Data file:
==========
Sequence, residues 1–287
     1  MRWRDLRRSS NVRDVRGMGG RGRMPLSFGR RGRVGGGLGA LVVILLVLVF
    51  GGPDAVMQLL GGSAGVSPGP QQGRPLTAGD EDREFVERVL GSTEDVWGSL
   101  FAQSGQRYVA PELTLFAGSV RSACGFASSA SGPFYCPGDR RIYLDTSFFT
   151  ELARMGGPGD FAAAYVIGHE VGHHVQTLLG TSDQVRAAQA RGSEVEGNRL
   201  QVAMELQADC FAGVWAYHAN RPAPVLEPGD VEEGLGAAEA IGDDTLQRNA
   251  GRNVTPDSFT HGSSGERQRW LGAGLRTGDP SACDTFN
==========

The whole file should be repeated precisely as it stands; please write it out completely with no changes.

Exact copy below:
Sequence, residues 1–287
     1  MRWRDLRRSS NVRDVRGMGG RGRMPLSFGR RGRVGGGLGA LVVILLVLVF
    51  GGPDAVMQLL GGSAGVSPGP QQGRPLTAGD EDREFVERVL GSTEDVWGSL
   101  FAQSGQRYVA PELTLFAGSV RSACGFASSA SGPFYCPGDR RIYLDTSFFT
   151  ELARMGGPGD FAAAYVIGHE VGHHVQTLLG TSDQVRAAQA RGSEVEGNRL
   201  QVAMELQADC FAGVWAYHAN RPAPVLEPGD VEEGLGAAEA IGDDTLQRNA
   251  GRNVTPDSFT HGSSGERQRW LGAGLRTGDP SACDTFN